For the last few weeks I have been pondering over this month's topic of the Ministry of Testing blogging club (What’s the best career advice you’ve ever had?), and wondering if I can write something meaningful about that.
It was only after I went to bed one night and I couldn't immediately catch sleep, that it suddenly dawned on me the best advice I got was when I was still studying.
One lecturer (can't remember who) of my studies in The Netherlands gave this little piece of wisdom: grab the opportunity.
Looking back at my career so far it has been the advice I have followed and lived by a lot; often more unknowingly than not...
As said, the advice to to grab the opportunity was given by a lecturer while I was studying at the HEAO in Breda.
But I can't remember who. There was another tutor however, called Ferrie Veen, and I always enjoyed his lectures. Probably because of his approach to teaching, which I really liked.
One of the assignments he gave us was to compare yourself with an object and use that in a job application letter. I wrote a whole letter around a paperclip; the gist of it:
- Being flexible
But more on that later...
The last part of the study was a student placement at a company for half a year, and work on a pre-defined practical assignment. That went quite successful for me and as a result I was offered a job at that company after my graduation. The first opportunity on my career path I grabbed. I landed a job without having to use my paperclip application letter, yet ...
Applying for my first job
Even before I started that job, the company went bust and I still had to go in search for a job. Looking back I could have seen it coming, but I was young and a bit naive (lesson learned).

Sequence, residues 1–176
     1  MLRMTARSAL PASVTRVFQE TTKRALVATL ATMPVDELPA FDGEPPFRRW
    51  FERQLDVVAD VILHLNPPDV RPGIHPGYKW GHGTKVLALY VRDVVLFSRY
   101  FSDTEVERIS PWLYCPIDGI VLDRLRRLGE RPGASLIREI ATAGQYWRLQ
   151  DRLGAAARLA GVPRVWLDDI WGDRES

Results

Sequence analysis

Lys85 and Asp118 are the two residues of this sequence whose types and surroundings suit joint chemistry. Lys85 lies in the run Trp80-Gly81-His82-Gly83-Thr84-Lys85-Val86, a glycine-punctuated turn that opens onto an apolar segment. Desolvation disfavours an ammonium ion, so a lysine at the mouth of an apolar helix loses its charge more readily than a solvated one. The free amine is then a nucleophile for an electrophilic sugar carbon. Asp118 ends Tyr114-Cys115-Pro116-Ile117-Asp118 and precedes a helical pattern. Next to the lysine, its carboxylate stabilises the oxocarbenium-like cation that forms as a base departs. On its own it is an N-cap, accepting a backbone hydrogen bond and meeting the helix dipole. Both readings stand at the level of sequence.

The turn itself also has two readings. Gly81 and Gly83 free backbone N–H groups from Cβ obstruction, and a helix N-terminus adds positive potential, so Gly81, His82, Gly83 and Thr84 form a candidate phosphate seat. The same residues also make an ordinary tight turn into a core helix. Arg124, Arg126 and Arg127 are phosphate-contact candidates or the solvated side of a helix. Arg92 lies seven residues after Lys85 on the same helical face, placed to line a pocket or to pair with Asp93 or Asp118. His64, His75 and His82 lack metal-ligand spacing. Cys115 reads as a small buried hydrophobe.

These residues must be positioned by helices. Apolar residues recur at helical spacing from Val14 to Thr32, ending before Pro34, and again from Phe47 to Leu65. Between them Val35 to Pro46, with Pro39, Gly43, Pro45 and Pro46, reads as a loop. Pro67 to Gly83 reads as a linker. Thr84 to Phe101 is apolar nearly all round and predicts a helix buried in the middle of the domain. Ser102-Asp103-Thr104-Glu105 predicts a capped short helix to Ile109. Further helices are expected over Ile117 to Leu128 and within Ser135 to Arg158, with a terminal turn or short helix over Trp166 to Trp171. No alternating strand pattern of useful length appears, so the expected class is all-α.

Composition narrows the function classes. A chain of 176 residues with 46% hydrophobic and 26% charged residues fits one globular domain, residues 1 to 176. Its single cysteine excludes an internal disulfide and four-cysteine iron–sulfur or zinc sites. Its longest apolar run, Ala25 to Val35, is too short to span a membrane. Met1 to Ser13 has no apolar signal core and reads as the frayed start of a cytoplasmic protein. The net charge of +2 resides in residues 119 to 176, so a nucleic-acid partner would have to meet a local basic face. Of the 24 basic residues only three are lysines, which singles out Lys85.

Luck had it that, around the same time, a local bank where I lived was hiring for a role that matched my qualifications. I immediately grabbed the opportunity to go to that bank and asked for the manager who was hiring, so I could introduce myself. Of course I still had to write an official application, which I did. And yes, I did use the paperclip analogy. I did get the job and I worked there for 2 1/2 years.
After my then partner graduated, she got a job at a tourist office, in a completely different part of the country. This meant We had to move and I had to look for a new job. Got rejected a few times on jobs I applied for locally, which was of course dissapointing.
A friend of my kept telling about his work and that they were always looking for colleagues to join their team. But that was a 2 hour commute one way. I still applied though and was offered a job. And by coincidence at the same time I got offered a job closer to home. After much deliberation I decided to take the offer further from home. Could have been interpreted as a stupid decision, but I never regretted it. In the 6 1/2 years I worked there I had many opportunities to:
- Work on great projects for different clients in a wide variety of industries
- Share knowledge with colleagues as a trainer
- Get to know lots of people with whom some of them I am still in touch with